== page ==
Stand up, Stand up, for Jesus

In 1858, a great Christian revival – known as “the work of God in Philadelphia” – swept across that great American city 

Of the participating ministers, it was said that none was more powerful than a twenty-nine year old Episcopalian minister, the Reverend Dudley Atkins Tyng – a bold and uncompromising preacher.

Dudley Atkins Tyng was a tireless advocate for the emancipation of slaves. He was ridiculed and persecuted for his view, and even criticized for bringing politics into the pulpit.  Many of his congregation owned slaves, a common practice in those days, and they didn’t like him telling them plainly and bluntly that to hold a fellow human being in slavery was a sin.

In addition to preaching at his own church, the Church of the Epiphany in Philadelphia, Tyng began holding midday services at the downtown YMCA.  Such was his power and dynamism that great crowds came to hear him preach, and on Tuesday, March 30th 1858, over 5000 men gathered for a mass meeting to hear him.

He took as his text these words from Exodus chapter 10 verse 11: “Go now ye that are men and serve the Lord”

Over 1,000 of the men were converted; the sermon was called “one of the most successful of the time”; the entire city was being stirred; a religious awakening was gaining force.

The next week Tyng returned to his family in the country.   On Tuesday, April 13, 1858, he was watching the operation of a corn-thrasher in a barn.  Raising his arm to place his hand on the head of a mule which was walking up the inclined lane of the machine, the young minister accidentally caught his loose sleeve between the cogs.

His arm was lacerated severely, the main artery severed and the median nerve injured. As a result of shock and a great loss of blood, he died on the 19th

His last words were “Stand up for Jesus, father; stand up for Jesus; and tell my brethren of the ministry, wherever you meet them, to stand up for Jesus.”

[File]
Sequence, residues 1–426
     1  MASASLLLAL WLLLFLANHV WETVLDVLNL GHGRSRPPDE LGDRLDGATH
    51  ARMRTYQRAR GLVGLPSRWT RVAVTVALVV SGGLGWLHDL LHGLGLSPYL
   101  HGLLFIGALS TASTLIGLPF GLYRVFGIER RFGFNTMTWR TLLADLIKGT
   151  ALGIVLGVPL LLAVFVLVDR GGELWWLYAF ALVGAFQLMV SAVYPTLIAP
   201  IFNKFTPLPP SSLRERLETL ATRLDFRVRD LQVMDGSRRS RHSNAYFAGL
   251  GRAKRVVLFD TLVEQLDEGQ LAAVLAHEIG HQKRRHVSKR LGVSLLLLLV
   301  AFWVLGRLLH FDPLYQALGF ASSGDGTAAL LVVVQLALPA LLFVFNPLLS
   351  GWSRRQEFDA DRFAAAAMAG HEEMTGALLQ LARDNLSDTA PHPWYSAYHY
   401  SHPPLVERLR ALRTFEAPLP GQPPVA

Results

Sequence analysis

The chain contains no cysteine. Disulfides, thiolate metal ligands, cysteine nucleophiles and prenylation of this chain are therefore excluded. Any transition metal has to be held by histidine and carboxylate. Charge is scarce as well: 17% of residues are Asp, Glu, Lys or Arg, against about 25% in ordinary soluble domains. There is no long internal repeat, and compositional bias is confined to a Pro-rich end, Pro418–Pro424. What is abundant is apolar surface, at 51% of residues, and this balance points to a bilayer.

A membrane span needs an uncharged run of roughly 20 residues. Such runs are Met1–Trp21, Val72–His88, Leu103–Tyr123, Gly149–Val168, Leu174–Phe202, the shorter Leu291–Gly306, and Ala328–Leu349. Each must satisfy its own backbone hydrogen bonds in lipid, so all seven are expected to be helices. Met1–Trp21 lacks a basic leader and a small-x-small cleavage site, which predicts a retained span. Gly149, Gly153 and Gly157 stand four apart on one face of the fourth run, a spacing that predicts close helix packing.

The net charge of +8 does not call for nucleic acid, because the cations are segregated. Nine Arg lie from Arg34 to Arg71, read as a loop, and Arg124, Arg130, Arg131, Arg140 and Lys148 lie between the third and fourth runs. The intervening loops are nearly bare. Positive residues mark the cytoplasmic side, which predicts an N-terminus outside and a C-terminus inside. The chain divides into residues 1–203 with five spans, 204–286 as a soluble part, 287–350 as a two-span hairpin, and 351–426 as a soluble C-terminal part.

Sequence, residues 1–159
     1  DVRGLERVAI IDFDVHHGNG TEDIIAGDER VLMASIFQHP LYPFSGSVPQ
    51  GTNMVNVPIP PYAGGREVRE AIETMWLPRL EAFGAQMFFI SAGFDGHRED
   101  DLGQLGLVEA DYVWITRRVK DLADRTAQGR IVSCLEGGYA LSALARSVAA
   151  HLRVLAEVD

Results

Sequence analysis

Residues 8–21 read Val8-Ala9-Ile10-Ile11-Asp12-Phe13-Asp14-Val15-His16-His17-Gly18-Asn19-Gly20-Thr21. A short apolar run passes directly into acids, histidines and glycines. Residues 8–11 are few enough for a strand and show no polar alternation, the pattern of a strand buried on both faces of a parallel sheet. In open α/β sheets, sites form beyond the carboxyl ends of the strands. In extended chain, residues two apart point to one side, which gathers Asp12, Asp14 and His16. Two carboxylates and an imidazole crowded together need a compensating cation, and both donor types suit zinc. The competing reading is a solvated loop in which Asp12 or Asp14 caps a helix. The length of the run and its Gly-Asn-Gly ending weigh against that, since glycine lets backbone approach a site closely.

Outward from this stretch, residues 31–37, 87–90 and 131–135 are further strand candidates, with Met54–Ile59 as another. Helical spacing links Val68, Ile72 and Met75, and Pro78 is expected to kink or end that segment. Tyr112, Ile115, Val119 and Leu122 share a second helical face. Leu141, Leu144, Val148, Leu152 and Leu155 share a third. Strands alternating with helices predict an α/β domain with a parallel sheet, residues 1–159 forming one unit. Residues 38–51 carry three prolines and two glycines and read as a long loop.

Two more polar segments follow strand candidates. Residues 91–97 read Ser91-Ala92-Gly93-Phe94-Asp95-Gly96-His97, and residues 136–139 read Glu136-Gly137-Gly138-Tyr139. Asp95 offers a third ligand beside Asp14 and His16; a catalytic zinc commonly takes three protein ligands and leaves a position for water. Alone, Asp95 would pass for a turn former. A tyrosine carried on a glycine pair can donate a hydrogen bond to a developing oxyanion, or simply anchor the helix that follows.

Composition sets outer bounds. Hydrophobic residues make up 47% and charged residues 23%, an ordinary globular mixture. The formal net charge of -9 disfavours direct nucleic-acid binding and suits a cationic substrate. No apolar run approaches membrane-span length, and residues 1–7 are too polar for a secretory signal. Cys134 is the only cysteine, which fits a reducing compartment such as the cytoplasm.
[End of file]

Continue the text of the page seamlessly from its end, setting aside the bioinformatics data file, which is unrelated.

On the following Sunday, Tyng’s close friend, George Duffield, the minister of the Temple Presbyterian Church in Philadelphia, preached on Paul’s Letter to the Ephesians, the sixth chapter, beginning at the 14th verse:

“Stand, therefore, having your loins girded about with truth, and having on the breastplate of righteousness.”

Duffield closed his sermon by reading a poem that he had just written.  It had been inspired by the dying words of his friend.  His words are still with us, of course, known as the hymn “Stand up, stand up, for Jesus.”

As we’ve said, Dudley Atkins Tyng was a vigorous campaigner for the emancipation of slaves. He  stood up in protest against inequality and injustice

– and so must we, wherever God’s will is ignored, wherever wrong and evil flourish….and by doing so, we stand up for Jesus.

We Christians stand up to powers of oppression, we stand firm in our faith, and we stand down when violence becomes the only option, because what we stand for is the very peace Jesus proclaims to his disciples.

Stand up for God’s justice, mercy, and truth. Stand up to protest against something—such as the obscene bonuses paid to failed bankers at this time of economic recession. Stand up against the disintegration of society; stand up for decency, honour and worth in our country. Stand up to affirm something—like the importance of traditional morality, the need for peace and cooperation in Palestine, Syria, Afghanistan and so many other troubled countries in the world,, or hope for the future of humankind..

When we encounter evil, hypocrisy, corruption, or anything else that is counter to the world of truth, beauty, peace and justice that is God’s will, let us, with righteous indignation, take an aggressive stand for God.  Let us, too, ‘Stand up! Stand up for Jesus!’

Let me finish by quoting a verse from the original version of the hymn:

Stand up, stand up for Jesus!

The solemn watchword hear,

If while ye sleep he suffers,

Away with shame and fear,

Where’er ye meet with evil,

Within you or without,

Charge for the God of battles,

And put the foe to rout.


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Filed under The Ramblings of a Reformed Ecclesiastic

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